where words have become a true tool of economic production and have reached increasingly more relevance in our social context. By using words, I am trying to give back a specific weight and social value to language. I think diversity has an essential role in the language, which can become the means through which we can counterpose social values to economic values
La ragione nelle mani started with a workshop which involved all the children in Monno. The kids were told about the meaning of around a hundred untranslatable words from many languages. These words are untranslatable because they don’t exist in other languages and, therefore they can only be explained. About twenty words which identify the relationship between man and nature and between humans were chosen with the kids. The selected words were then shown to the artisans to understand which were more suitable to be transformed into artwork. Nine of them were chosen and they became the material the artisans worked on with their apprentices.
Here is a brief list of the meanings, which are examined in depth in a dedicated document: ANSHIM To feel in harmony with yourself and with the world (Korean), BALIKWAS To leave your comfort zone (Filipino), DADIRRI Calm contemplation and deep listening of nature (Native Australian), FRILUFTSLIV Connection to the environment and return to the biologic connection between man and nature (Norwegian), GURFA The water you manage to keep in the palm of your hand as a metaphor of something very precious (Arabic), OHANA Family which includes friends and doesn’t leave anyone behind (Hawaiian), ORENDA The human ability to change the world against a hostile destiny (Native North-American), SISU The determination in the pursue of everyday wellness (Finnish), UBUNTU I am who I am by reason of what we all are (Southern Africa).
To be specific the work consists of: a refined white-on-white notch point embroidery with three words, framed like a painting; two skilfully carved pieces of walnut wood, with two words; five pieces of weaved hazelnut wood, made using the basket-weaving technique, which together compose one word; three “pezzotti”, cloth-made rogues weaved by hand loom, each one with a word.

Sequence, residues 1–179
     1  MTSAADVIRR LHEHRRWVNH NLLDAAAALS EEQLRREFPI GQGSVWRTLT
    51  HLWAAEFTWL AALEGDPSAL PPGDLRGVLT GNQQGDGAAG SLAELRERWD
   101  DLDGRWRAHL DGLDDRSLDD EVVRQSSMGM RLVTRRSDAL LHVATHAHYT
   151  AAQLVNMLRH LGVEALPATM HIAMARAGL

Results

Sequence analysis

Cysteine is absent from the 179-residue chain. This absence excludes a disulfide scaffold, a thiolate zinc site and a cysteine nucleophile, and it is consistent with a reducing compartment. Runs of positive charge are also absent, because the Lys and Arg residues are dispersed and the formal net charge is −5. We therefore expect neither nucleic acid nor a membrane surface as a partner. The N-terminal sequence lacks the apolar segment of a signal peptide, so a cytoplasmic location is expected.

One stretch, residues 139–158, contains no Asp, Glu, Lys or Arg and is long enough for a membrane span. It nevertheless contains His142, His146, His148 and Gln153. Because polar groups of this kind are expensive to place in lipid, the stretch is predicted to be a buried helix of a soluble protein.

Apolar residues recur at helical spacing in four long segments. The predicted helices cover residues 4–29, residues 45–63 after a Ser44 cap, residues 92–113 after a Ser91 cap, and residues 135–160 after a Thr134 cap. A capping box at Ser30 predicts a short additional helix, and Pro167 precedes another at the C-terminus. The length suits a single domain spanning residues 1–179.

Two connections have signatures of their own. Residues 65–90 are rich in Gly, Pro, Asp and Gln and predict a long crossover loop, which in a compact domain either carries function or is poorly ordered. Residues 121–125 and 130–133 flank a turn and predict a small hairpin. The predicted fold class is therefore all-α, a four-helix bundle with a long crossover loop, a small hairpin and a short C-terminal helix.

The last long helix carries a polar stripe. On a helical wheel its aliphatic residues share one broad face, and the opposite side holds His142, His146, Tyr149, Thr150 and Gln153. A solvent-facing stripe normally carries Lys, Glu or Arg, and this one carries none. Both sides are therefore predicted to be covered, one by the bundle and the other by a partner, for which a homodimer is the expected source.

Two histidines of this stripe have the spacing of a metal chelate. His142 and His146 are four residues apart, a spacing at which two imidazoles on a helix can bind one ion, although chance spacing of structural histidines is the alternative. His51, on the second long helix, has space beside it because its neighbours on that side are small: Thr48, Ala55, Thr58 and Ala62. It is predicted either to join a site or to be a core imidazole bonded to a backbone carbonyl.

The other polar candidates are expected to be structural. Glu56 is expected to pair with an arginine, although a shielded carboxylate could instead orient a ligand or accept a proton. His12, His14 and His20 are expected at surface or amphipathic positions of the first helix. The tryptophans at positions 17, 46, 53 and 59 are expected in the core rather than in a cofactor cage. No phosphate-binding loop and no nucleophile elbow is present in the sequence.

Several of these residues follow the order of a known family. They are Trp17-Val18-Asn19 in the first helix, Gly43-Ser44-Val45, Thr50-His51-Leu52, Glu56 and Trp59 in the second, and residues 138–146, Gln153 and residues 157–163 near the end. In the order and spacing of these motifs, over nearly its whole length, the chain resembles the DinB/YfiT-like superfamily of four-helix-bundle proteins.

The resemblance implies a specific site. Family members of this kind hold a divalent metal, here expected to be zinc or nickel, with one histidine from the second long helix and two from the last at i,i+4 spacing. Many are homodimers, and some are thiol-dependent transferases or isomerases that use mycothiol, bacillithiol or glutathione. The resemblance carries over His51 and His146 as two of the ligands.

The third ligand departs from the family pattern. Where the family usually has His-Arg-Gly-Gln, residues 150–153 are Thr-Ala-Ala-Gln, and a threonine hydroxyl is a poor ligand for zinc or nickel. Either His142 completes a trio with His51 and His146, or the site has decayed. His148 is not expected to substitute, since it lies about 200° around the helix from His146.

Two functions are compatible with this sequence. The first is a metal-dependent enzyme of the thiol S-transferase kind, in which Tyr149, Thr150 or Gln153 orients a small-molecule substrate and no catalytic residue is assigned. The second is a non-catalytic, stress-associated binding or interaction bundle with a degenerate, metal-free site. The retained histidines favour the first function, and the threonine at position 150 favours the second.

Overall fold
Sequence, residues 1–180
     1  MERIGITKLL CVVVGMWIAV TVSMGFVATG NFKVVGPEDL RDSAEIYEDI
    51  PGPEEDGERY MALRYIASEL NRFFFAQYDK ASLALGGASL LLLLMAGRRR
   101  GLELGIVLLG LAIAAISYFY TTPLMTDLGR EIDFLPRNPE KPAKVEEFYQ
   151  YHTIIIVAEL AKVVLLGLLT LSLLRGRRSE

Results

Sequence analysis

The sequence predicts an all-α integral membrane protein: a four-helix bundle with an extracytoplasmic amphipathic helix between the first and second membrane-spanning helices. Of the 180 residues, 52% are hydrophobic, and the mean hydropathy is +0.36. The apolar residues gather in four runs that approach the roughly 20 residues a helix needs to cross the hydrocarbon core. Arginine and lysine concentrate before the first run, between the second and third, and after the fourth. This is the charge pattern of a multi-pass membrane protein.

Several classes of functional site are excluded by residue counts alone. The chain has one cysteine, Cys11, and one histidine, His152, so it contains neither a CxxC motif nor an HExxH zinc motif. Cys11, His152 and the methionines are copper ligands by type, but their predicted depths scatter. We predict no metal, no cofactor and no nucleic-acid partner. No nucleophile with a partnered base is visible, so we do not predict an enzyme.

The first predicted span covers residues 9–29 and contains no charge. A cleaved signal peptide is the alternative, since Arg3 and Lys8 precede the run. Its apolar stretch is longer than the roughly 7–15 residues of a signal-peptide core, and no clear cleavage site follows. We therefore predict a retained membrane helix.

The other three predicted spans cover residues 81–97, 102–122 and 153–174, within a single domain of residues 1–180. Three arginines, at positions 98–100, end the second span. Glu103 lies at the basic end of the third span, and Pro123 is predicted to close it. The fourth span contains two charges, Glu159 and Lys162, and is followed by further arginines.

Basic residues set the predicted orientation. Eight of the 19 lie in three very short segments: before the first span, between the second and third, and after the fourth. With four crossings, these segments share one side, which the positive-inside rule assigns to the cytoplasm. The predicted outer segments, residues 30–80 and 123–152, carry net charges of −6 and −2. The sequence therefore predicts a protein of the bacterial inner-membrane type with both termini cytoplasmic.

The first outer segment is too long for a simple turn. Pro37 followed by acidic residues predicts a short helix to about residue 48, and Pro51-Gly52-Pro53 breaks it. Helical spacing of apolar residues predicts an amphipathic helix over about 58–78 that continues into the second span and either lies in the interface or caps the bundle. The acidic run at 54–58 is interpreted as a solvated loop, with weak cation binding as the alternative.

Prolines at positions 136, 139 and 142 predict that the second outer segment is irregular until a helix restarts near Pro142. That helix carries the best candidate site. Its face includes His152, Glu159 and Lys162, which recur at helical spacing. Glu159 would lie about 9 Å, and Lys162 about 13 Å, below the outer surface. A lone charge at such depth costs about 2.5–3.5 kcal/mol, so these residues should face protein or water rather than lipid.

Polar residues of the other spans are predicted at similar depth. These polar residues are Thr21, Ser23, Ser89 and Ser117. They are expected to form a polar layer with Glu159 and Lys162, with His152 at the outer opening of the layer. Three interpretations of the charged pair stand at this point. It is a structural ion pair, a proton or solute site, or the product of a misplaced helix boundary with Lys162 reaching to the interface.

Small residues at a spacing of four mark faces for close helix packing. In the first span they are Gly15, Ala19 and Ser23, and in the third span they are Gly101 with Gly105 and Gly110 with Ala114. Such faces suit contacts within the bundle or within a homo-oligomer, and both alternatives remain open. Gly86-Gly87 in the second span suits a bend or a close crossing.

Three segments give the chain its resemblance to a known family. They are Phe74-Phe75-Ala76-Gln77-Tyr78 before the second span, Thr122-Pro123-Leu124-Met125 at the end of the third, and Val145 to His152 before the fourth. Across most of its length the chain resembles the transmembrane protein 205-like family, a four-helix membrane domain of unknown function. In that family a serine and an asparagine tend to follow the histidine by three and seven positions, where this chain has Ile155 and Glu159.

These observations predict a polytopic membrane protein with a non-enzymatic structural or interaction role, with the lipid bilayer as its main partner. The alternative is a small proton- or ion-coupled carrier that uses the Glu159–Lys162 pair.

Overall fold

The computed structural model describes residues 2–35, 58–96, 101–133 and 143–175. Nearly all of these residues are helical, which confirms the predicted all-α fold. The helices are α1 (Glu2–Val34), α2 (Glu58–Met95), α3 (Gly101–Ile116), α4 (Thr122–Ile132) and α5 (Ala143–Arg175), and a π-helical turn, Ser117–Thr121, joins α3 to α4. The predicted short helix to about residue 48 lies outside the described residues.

Carrying out Boccalini’s art isn’t easy
stated the curator Adelina von Fürstenberg
not only are the works created by following specific prior instructions, but are made by the artist himself with the artisans, during an exchange of knowledge between the poetry of craftsmanship and the artisanal tradition, incorporating it into the artistic and pedagogic practice. From this point of view, Boccalini can be considered included in the Arte Povera tradition, art that doesn’t interpret but simply detects the flow of life and environment, using never-considered materials and paying attention to the creation process, rather than to the actual artwork
Von Fürstenberg carried on:
in his work Boccalini creates a biodiversity of concepts coming from language minorities, thanks to his research and the choice of untranslatable words. The works are only originated by the importance of the meaning of the chosen word, the material and the artisanal techniques used have a crucial role
Boccalini’s project comes from a constructive belief that sees in the artisanal tradition of Valle Camonica the starting point for a truthful aesthetic experience. It’s the same kind of experience that Bauhaus artists looked for in 1919, when Walter Gropius, who wanted art to have a dialogue with artisanal aesthetics, wrote in the Bauhaus manifesto: “Architects, sculptors, painters, we must all return to the crafts!
The result of this whole work
is not only represented by the artwork but also by the process which brought about its creation. A process which brought the knowledge and the traditional techniques of the valley back to circulation, but with new perspectives and awareness
The catalogue of the exhibition will be published in Italian and English by Archive Books, Berlin.